The Art Of Saying "No"

Looking at situations in which you say “yes,” to or “no” to can be a powerful unearthing of how you spend your time and energy, where you place your values, and where YOU are on your priority list. In my own personal development and work with clients, examining the ability to say “yes” or “no” uncovers imbalances in personal power, confidence, resilience, conviction and self-esteem.

For example, I’ve been working with a client who desires more energy and more health in her life. However, she can’t seem to find the time for food prep, moving her body, or resting her body. After doing some digging, we uncovered that she suffered from "yes-ism.”  Yes-ism is saying “yes” every request, work offer, appointment, meeting, social engagement, or favor. She says “yes” to everything and everyone but herself.

Examples of how "yes-ism" manifests

  • Yes-ism can also look like validating yourself by your “to-do” list, or making sure you’re a martyr because of your “selflessness.”  Saying “yes” to every work assignment, bake sale, committee, gig, writing assignment, etc. because there can’t possibly be anyone else that can do it correctly.  It is the fear of being judged as imperfect.
  • Yes-ism can manifest as people pleasing.  It is saying “yes’ to people because you don’t want to disappoint, seem like a bitch, let anyone down, or be rejected. It can also be used as a means to be liked and accepted. Yes-ism can manifest as saying “yes” and tolerating disempowering relationships, unfulfilling social engagements, or frustrating work situations.
  • Yes-ism can also be born out of fear that something or someone else better might not ever come along. Or, not feeling worthy of better circumstances.  So, you say “yes” to accepting more work without compensation, taking on projects that don’t pay, or staying in an unhealthy relationship. Signs of yes-ism manifesting out of fear and unworthiness can reveal themselves to you by noticing your statements about your situation. They often begin with “at least.” At least I have a job, at least I have a partner, at least, at least, at least!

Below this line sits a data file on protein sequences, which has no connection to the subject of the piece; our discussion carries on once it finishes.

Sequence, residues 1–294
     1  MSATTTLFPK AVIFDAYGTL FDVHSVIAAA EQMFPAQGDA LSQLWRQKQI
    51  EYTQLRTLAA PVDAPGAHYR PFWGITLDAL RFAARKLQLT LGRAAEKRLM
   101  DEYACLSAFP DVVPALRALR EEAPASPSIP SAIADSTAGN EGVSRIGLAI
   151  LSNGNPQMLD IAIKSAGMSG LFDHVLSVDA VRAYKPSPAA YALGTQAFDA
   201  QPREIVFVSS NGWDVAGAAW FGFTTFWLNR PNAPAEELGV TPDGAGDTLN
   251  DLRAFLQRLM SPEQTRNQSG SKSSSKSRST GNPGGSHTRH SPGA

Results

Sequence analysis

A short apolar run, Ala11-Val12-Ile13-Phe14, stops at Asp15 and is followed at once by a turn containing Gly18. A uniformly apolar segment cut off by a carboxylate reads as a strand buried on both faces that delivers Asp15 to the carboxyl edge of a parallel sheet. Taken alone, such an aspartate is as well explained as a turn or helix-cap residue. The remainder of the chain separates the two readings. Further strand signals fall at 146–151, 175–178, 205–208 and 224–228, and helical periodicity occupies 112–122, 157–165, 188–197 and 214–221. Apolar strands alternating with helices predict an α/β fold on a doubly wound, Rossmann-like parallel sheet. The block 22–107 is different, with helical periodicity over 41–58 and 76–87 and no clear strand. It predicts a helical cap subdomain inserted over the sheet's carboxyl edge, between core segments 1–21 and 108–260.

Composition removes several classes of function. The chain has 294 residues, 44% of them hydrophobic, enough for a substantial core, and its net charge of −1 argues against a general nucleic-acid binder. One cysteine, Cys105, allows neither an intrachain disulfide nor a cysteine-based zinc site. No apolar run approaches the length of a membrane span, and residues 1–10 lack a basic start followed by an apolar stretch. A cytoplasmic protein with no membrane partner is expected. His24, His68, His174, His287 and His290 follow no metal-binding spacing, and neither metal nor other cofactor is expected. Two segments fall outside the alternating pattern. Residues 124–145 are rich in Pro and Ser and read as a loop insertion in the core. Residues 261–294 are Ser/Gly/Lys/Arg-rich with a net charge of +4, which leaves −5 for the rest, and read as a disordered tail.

Results of "yes-ism"
Yes-ism leaves you feeling ragged, resentful, and underappreciated by your standards. You crave validation from the outside. You blame others for the dissatisfaction or your choices. You infuse your work and relationships with energetic poison and judgment. You feel awkward, angry, defensive, or depressed. You become disempowered and unable to make decisions for yourself because you’re wrapped up in the need for achievement, the need to be liked, or the need to appear perfect.

How to strengthen your personal power muscle (the art of saying “no”)
Truly saying “yes” or “no” takes practice. But, where to begin? How do we cultivate personal power and confidence?  I recommend creating “Yes” lists. “Yes” lists are composed of five criteria for saying “yes.” If the situation meets at least 3/5 of the criteria; then say “yes.” If it doesn’t then, exercise your “no thank you,” muscle.   You can make “yes” lists for numerous elements in your life; work, friendships, romantic relationships, physical health, emotional health, etc.  For example, criteria for accepting an artistic project might look like this: ___ I’m paid what I’m worth, _____ My fellow co-workers (band members, actors, dancers, etc.) bring me energy, _____ I am creatively inspired, _____ I am moved by the audience, _____ It lends itself to a breathable schedule.  Criteria for maintaining a relationship might include the following: _____ Do I feel uplifted when I’m with this person? _____ Am I my best self with this person? ______ Can I trust this person? _____ Do I get a good feeling in my gut or heart when I’m with this person? ____ Is this relationship an energetic two-way street? A “yes” list can be made for almost any situation.

Begin feeling your personal power, energy, confidence, stamina, successes by implementing your “Say Yes” list. Then soak up the benefits of saying “yes” to yourself.

Jessica Sharpenstein